En septembre 1968, Le Chambon-sur Lignon-accueille la seconde assemblée de la CEPPLE (121 participants, les travaux durent une semaine). Exposé du Professeur H. d’Espine, de la Faculté de Théologie de Genève : La situation du protestantisme dans les pays latins implique une vocation spécifique qu’il définit par quatre éléments : l’évangélisation, la lutte pour la liberté religieuse, un ministère prophétique, une responsabilité à l’égard de régions extra-européennes (Afrique, Amérique latine). Trois conditions pour répondre à cette vocation : un renouveau spirituel, une solidarité (spirituelle et matérielle), une plus grande unité.

1975 – La révolution des œillets vient de renverser l’année précédente au Portugal le régime fondé par Salazar. Lisbonne est en pleine effervescence, lorsque s’y réunit la conférence des Facultés de théologie des pays latins, un des plus anciens et des plus durables réseaux de la CEPPLE.

A l’origine, la CEPPLE fut une réponse concrète à une situation historique donnée. Peu à peu s’est tissé un réseau de relations et d’échanges … Les liens noués, au travers de l’Eglise Réformée de France (EPUdF), avec l’Eglise évangélique de Rhénanie (EKIR)… Une histoire s’est tissée entre nos Eglises latines et ces Eglises du Nord, ainsi qu’avec plusieurs Eglises de l’Est, affrontées dans des contextes différents à des défis comparables. »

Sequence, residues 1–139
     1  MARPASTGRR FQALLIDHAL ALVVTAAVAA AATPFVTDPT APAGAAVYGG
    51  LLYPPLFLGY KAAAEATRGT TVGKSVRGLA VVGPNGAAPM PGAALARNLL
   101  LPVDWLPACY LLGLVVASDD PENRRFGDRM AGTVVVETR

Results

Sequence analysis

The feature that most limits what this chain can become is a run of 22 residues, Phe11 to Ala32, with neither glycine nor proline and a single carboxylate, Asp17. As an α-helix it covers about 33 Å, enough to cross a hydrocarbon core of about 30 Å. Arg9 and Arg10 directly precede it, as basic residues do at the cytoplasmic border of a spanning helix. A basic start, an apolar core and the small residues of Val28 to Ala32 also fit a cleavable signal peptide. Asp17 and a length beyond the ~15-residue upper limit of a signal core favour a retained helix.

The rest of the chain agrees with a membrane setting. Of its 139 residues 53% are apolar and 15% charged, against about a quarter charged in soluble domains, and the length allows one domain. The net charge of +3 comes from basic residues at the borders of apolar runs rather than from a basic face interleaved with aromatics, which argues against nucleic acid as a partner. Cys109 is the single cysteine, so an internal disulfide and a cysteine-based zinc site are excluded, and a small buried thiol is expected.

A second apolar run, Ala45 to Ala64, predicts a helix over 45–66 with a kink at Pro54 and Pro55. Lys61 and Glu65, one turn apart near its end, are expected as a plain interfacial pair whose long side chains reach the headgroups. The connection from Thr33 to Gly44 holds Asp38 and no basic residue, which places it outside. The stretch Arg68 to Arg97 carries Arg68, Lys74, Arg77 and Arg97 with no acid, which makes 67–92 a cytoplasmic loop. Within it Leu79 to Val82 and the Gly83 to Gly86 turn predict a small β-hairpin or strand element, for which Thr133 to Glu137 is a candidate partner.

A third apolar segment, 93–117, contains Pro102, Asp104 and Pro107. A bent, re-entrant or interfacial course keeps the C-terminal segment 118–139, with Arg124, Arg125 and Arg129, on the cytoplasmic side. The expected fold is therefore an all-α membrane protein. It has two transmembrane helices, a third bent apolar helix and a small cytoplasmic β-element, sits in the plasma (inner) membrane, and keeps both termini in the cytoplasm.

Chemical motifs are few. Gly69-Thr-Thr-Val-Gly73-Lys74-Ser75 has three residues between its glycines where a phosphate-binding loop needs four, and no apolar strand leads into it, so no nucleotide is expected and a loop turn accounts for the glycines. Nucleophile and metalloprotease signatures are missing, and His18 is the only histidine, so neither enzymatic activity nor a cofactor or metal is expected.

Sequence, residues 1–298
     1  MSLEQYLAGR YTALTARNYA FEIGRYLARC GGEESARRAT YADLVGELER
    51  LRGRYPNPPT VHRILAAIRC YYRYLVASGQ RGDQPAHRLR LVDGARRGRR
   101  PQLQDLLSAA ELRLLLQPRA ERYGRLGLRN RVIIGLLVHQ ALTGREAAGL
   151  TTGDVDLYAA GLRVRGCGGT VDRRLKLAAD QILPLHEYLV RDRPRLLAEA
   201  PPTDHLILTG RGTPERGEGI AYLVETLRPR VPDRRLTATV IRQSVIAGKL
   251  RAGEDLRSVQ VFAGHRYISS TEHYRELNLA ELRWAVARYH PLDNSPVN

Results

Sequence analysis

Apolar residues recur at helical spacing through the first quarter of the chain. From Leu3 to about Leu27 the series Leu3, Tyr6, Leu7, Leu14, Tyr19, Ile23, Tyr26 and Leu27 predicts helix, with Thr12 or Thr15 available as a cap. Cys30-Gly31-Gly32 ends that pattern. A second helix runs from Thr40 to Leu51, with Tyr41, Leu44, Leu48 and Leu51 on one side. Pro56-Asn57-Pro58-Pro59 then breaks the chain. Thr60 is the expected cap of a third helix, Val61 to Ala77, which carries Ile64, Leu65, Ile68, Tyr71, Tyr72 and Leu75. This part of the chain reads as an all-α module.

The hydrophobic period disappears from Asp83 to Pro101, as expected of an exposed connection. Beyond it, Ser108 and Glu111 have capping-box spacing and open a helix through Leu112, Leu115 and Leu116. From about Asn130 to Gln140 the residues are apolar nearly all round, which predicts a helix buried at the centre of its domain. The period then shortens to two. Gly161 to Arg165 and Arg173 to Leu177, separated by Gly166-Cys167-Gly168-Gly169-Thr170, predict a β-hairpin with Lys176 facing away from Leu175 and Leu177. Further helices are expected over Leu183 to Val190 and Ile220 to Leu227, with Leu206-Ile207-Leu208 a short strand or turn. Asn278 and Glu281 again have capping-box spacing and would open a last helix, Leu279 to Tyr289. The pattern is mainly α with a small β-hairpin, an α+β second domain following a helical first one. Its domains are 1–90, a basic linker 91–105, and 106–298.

Depuis, les activités de la CEPPLE se formalisent autour de 3 pôles : les échanges catéchétiques, la formation théologique et le rôle des Eglises du sud face à la migration. Un colloque sur une bénédiction des couples de même sexe s’est tenu en 2012. En septembre 2014, la dernière Assemblée Générale de la CEPPLE s’est tenue à Malaga ; le Professeur Ermanno Genre y a cédé la présidence au pasteur Alfredo Abad, Secrétaire de la Commission permanente de Eglise Evangélique Espagnole. La Conférence des Eglises Protestantes des pays latins y est devenue le 4è groupe régional de la CEPE.

 

Member Churches

l’Eglise Protestante Unie de Belgique

Eglise Evangélique Espagnole

Eglise Episcopale Réformée Espagnole

Eglise Protestante Unie de France

Union des Eglises Protestantes d’Alsace et de Lorraine (jusqu’en décembre 2015)

Union Nationale des Eglises Protestantes Réformées Evangéliques de France

Fédération des Eglises Evangéliques Baptistes de France

Eglise Vaudoise d’Italie

Eglise Méthodiste d’Italie

Union chrétienne Evangélique Baptiste d’Italie

Eglise Evangélique Presbytérienne du Portugal

Eglise Evangélique Méthodiste du Portugal

Eglise Catholique Apostolique Evangélique Lusitanienne

Eglise Evangélique Réformée du canton de Vaud

Eglise Protestante de Genève

Eglise Réformée Evangélique de Neuchâtel

Union Synodale Berne-Jura

Eglise Evangélique réformée du canton de Fribourg

Eglise Réformée Evangélique du canton du Valais

Eglise  Evangélique Réformée du canton des Grisons